Armagh Public Library
Armagh Public Library
028 3752 3142
028 3752 4177
Five hundred years of books and art in a Georgian setting.
Armagh Public Library was founded in 1771 by Archbishop Richard Robinson. Built to the design of Thomas Cooley, the inscription over the public entrance in Greek means 'the healing place of the soul'. An Act of Parliament called 'An Act for settling and preserving the Publick Library in Armagh for ever' established the Library and its name - Armagh Public Library.
The nucleus of the collection is Archbishop Robinson's own library which contains 17th and 18th century books on theology, philosophy, classic and modern literature, voyages and travels, history, medicine and law.
In 2001 the Library received museum status in recognition of its role in the safe-keeping of a wider range of collections, such as Robinson's large collection of engravings known as the 'Rokeby Collection', with examples from the work of Piranesi, Hogarth and Bartolozzi. It houses many Irish artefacts collected by Archbishop Marcus Gervais Beresford during his lifetime. There are other items on view including the Silver Maces presented to Armagh when it became a city for the first time in 1656 and the only foreign flag ever captured on the island of Ireland.
Mon-Fri, 10.00am - 4.00pm.
Closed 1.00pm - 2.00pm for lunch
Closed Bank Holidays
Other times by arrangement
Please contact venue for details
The nucleus of the collection is Archbishop Robinson's personal library which contains 17th and 18th century books on Theology, Philosophy, classic and modern literature, voyages and travels, history, medicine and law.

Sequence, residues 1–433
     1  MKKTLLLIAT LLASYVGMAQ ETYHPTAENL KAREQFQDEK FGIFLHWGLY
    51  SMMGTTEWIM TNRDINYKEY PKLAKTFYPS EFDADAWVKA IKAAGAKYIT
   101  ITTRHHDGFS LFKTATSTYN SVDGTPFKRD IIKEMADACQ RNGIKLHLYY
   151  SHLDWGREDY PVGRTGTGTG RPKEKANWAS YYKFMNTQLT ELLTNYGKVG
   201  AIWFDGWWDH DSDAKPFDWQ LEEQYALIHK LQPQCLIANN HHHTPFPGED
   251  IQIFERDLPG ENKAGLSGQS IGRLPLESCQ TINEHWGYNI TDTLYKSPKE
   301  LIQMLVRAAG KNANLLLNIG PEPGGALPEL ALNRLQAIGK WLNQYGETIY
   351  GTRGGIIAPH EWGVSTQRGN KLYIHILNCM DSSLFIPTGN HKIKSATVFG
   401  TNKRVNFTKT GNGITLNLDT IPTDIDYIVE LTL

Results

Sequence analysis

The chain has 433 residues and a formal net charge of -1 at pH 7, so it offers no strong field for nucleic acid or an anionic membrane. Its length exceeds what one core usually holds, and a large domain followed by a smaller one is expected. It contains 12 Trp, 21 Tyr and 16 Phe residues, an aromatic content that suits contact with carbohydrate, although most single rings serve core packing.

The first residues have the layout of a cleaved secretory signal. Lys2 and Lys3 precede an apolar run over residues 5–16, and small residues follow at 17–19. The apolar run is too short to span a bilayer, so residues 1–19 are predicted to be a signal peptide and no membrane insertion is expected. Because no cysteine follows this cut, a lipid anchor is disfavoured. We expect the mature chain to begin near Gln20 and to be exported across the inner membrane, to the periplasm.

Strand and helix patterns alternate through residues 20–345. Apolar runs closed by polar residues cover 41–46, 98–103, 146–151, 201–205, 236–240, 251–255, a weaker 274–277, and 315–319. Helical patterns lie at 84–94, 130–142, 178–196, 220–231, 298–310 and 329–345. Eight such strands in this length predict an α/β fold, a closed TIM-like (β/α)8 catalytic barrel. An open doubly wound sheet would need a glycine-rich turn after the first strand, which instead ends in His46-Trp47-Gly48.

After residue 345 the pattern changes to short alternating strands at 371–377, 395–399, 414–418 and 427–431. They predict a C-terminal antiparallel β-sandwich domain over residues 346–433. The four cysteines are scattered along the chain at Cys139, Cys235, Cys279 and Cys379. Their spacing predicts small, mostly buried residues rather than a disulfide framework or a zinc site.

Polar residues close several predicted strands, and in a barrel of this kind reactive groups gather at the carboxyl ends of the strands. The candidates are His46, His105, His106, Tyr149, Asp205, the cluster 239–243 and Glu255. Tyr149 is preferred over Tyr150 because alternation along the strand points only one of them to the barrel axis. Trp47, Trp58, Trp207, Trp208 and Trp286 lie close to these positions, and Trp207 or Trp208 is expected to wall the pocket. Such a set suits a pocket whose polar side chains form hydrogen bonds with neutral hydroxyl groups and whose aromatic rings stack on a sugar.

There are many rare and valuable books such as John Gerson's "De praeceptis .1 decalogi" printed in Strasburg, 1488; Sir Walter Raleigh's "History of theWorld", 1614; Fynes Moryson's Travels, 1617; and Colgan's "Acta Sanctorum Hiberniae" , 164 5. There is also a good collection of mediaeval and 17th and 18th century manuscripts. The Library contains Robinson's large collection of engravings known as the 'Rokeby Collection', which includes examples from the work of Piranezi, Hogarth and Bartolozzi. It houses many Irish artefacts collected by Archbishop Marcus Gervais Beresford during his lifetime. Although an independent foundation and under the control of a Board of Governors and Guardians, it has always had the closest links with the Church of Ireland.
Archaeology, Archives, Coins and Medals, Literature, Maritime, Religion, Social History
Key artists and exhibits
- John Gerson's "De praeceptis .1 decalogi"
- Sitr Walter Raleigh's "History of theWorld", 1614
- Fynes Moryson's Travels, 1617
- Colgan's "Acta Sanctorum Hiberniae" , 1645
- Archbishop Marcus Gervais Beresford
Morning on the Hill Visit for Groups
The Library and the Church of Ireland Cathedral invite groups to take part in a two-fold visit to the Hill of Armagh. During the visit groups will hear about the history of the Cathedral and will have time to view the Chapter Room, and, weather permitting, the crypt. Reference will be made to Brian Boru, the legendary High King of Ireland and to the connections of St Patrick with Armagh as his chosen city.
The second part of the visit will be to the Library and will include its history and reference to some of its collections.
How to obtain
The visit to both places is offered at the price of £5.00 per person from Tuesdays to Saturdays with an approximate length for the whole visit being 1.5 hours.
To seek further information or to make a booking, please contact the Library.
Morning on the Hill Visit for Schools
A threefold visit is offered to schools, involving staff of the Church of Ireland Cathedral. The Cathedral Steward will talk about the Cathedral building and its history, and the Cathedral Organist and Master of the Choristers will highlight the importance of music in worship on the Hill of Armagh, and play the music of Handel.
The Library will complete the visit with the opportunity for pupils to learn about the Library, handle old books with care and view the 1835 Ordnance Survey Maps to show how their townland looked many years ago.
How to obtain
If schools would like to take up the invitation for a Morning on the Hill, they are asked to contact the Library. The visit is offered free of charge, and is available on Tuesdays and Wednesdays during the spring and summer terms.